- Growth in industrial production slowed significantly in February to 8.6% per year from 9.6% per year in December 2013. This level is the lowest recorded since May 2009.
- The Australian dollar (AUD) increased by 3.8% to finish March at $US0.9264, supported by the RBA’s neutral policy stance and more positive commentary on the domestic economy, including the much better-than-expected February employment report.
- A broad range of commodity prices were lower in March. Energy prices fell, with natural gas prices 13% lower on average, falling from elevated levels with improving weather in the US expected to dampen heating related energy demand. Crude oil prices were marginally lower, with the average of WTI, Dubai and Brent prices falling by 0.7% during the month.
- Agricultural prices increased, led by pork (+32%), as the outlook for supply has been reduced by the emergence of a porcine virus in the US. Wheat prices increased by 11% during the month, supported by political instability in Ukraine along with potential damage to crops from cold weather in the US.
- Metals prices weakened. Gold (-3.2%) declined as geo-political tensions in Crimea calmed somewhat. Iron ore prices fell by 1.1%. Copper prices also declined by 5.2% as indicators of Chinese activity continued to soften, weighing on the outlook for industrial commodities.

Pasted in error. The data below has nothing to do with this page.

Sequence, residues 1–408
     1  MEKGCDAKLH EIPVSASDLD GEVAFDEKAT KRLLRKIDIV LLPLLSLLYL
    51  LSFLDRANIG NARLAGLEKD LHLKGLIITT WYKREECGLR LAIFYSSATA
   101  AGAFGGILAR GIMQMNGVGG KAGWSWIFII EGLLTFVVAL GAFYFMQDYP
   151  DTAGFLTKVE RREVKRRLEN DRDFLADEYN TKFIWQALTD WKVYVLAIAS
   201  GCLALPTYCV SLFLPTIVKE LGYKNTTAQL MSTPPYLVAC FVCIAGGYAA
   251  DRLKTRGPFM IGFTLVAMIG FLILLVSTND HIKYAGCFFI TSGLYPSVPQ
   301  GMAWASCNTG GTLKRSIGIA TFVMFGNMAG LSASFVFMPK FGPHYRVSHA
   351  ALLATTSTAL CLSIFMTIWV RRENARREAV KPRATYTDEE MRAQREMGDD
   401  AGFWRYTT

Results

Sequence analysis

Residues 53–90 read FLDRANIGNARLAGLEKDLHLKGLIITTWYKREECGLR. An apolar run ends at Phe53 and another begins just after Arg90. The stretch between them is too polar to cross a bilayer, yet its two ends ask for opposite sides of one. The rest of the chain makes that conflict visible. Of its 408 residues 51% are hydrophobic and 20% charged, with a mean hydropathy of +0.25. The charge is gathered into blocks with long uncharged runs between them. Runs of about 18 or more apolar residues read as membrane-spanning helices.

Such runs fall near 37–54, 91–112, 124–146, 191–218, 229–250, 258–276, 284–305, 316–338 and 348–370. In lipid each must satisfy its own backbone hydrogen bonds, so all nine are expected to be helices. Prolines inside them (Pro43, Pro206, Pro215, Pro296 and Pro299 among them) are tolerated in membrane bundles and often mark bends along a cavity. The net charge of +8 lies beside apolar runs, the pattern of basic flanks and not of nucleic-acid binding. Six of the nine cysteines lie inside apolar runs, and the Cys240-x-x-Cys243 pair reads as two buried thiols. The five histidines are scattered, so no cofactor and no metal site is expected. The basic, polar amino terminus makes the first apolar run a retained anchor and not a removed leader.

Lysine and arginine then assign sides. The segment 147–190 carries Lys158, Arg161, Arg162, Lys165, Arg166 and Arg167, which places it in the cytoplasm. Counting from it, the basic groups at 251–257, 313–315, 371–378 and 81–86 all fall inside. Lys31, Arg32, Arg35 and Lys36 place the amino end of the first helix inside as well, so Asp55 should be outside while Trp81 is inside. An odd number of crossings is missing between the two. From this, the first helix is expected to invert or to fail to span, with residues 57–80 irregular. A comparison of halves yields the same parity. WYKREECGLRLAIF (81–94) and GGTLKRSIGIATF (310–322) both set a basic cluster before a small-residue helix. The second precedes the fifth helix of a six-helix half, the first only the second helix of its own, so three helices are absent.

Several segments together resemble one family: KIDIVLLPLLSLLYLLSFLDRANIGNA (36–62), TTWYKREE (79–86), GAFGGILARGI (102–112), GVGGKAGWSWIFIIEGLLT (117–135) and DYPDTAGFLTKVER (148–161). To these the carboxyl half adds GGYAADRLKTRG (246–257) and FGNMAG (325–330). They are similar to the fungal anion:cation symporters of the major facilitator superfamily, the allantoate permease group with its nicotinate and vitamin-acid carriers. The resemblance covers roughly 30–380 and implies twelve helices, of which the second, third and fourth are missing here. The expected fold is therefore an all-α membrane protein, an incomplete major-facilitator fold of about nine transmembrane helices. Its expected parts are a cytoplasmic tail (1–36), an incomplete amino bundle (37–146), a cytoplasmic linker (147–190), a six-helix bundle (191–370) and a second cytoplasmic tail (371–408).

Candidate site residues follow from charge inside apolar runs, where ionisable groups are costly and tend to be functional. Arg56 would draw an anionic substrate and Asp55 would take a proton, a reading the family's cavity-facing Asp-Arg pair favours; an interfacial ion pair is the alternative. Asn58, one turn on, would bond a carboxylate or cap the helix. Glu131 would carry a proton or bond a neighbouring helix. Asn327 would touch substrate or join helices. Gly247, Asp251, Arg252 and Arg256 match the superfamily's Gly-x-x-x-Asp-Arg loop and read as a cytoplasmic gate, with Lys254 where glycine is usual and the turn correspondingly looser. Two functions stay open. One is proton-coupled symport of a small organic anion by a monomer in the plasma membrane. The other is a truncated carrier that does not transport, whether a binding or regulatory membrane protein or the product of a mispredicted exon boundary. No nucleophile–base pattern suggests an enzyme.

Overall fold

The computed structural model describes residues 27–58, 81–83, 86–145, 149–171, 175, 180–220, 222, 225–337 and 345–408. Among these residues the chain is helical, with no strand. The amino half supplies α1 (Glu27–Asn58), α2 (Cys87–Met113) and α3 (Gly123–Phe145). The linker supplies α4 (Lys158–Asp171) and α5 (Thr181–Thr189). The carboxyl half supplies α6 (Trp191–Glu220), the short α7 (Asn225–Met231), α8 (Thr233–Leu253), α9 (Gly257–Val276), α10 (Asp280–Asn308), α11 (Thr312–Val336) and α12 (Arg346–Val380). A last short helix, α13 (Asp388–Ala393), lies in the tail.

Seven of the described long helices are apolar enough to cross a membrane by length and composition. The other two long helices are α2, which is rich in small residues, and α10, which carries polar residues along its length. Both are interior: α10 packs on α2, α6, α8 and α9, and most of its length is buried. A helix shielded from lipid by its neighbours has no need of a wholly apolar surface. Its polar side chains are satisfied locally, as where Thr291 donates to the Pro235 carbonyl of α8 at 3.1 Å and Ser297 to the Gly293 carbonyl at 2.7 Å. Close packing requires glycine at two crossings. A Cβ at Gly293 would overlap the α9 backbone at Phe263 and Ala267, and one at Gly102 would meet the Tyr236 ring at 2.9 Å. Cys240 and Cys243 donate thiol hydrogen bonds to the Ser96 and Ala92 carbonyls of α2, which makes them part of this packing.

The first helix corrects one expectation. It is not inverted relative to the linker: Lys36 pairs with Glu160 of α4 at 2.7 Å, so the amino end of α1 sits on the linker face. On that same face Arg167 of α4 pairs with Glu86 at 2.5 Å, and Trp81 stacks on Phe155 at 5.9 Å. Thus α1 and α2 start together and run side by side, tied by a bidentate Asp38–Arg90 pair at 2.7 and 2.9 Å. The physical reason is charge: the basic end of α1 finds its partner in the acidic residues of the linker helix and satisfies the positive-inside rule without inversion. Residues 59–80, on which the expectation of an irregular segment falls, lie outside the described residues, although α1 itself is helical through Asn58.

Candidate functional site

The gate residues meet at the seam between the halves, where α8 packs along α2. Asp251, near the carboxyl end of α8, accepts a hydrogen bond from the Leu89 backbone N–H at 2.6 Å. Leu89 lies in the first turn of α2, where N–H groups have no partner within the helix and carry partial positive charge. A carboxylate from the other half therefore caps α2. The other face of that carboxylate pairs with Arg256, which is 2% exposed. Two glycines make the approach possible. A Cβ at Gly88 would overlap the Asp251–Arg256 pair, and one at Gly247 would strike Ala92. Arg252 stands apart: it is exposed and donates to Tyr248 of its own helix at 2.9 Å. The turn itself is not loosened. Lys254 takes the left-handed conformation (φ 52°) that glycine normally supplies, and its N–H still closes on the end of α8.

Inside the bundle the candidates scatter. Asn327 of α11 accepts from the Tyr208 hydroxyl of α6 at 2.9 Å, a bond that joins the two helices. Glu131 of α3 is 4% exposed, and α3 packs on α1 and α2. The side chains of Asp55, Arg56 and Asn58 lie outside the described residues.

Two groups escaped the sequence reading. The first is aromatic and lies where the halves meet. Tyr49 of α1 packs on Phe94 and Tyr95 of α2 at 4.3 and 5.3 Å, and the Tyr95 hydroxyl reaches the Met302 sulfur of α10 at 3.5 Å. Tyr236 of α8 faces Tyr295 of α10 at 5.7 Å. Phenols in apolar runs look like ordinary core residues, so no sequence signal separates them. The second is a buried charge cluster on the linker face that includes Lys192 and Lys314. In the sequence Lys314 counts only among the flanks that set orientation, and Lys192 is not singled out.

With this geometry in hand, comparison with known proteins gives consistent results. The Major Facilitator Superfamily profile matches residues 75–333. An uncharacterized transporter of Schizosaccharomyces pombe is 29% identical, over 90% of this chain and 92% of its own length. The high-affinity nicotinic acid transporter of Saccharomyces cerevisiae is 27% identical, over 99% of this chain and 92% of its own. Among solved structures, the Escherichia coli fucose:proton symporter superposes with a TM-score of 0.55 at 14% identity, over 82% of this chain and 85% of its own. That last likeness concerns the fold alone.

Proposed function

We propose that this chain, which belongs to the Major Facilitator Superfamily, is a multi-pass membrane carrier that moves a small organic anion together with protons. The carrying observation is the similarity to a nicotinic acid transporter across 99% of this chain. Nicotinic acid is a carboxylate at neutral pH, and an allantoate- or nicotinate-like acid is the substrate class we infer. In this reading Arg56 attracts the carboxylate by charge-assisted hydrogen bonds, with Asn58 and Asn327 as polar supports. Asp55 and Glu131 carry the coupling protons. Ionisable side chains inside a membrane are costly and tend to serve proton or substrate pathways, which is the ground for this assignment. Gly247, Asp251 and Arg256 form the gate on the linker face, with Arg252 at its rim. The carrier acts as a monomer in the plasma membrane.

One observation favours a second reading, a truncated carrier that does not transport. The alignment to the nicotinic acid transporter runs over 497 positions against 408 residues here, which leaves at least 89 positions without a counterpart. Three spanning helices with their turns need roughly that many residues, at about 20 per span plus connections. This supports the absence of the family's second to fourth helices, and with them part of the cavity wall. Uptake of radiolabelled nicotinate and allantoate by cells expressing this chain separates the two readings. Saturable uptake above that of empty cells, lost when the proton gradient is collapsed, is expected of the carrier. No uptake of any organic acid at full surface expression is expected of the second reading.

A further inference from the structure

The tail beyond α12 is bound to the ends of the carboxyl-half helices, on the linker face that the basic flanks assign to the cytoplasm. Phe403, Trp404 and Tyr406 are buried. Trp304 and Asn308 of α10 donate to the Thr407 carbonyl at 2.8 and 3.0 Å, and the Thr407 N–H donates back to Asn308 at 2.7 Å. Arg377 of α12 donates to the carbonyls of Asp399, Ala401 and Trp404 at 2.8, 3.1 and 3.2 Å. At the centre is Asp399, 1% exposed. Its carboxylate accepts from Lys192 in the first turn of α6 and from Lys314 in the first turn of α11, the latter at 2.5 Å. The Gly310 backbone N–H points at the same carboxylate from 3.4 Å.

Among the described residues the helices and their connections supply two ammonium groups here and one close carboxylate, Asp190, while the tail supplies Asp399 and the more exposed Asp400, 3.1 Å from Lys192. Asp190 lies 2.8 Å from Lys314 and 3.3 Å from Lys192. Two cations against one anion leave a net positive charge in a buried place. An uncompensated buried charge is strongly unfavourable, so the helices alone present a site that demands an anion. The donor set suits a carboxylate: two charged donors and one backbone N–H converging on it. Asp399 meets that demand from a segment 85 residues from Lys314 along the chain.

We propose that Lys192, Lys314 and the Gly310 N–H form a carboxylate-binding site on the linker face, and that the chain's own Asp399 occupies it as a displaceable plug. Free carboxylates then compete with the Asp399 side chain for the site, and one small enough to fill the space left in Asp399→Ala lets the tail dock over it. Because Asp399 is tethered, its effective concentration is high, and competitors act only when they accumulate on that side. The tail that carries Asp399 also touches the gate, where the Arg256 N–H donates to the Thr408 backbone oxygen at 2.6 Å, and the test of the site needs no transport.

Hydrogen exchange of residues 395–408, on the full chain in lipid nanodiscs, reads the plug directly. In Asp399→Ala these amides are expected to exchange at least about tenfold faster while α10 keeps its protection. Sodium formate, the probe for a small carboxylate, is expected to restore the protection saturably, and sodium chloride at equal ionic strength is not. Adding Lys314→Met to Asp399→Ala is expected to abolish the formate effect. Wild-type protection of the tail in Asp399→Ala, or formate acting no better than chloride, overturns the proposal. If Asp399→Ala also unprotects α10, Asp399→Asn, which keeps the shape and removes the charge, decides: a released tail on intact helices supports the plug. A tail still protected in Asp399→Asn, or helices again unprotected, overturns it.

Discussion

- Australian shares were little changed in March, but the receipt of dividends enabled the S&P/ASX 200 Accumulation Index to edge 0.29% higher, despite reaching a six year high on 7 March.
- A sharp drop in iron ore prices early in the month dampened sentiment towards mining stocks. The price recovered in the second half of the month, but the materials (-3.1%) sector nevertheless underperformed other areas of the market. The gold price also declined, which reduced the allure of gold miners.
- The S&P/ASX 200 Property Accumulation Index declined by 1.6% in March. News flow was dominated by corporate re-structuring activity. Westfield Group was a notable participant, selling three non-core UK shopping centres to UK shopping centre owner, developer and manager Intu for more than $A1bn.
- Global developed equity markets were broadly flat in March as political tensions between Russia and the West dominated sentiment. Concerns over weak Chinese growth provided some hope to investors that the Government would announce additional policy stimulus measures.
- The US S&P500 Index increased by just 0.7% as mixed domestic economic data saw defensive sectors such as Telecoms (+4.7%) outperform.
- The Japanese Nikkei 225 Index was little changed (-0.1%).
Global emerging markets
Emerging market equities outperformed their developed market counterparts in March – the first time since August last year. The MSCI EM Index returned 2.9% in USD terms, but decreased by 0.9% in AUD terms. The crisis in Crimea and increased market hopes for a government stimulus package to counter weaker economic data in China dominated news flow.
Leanne Rudd of The Money Edge is an Authorised Representative of Count Financial Limited ABN 19 001 974 625, AFSL 227232, (Count) a wholly-owned, non-guaranteed subsidiary of Commonwealth Bank of Australia ABN 48 123 123 124.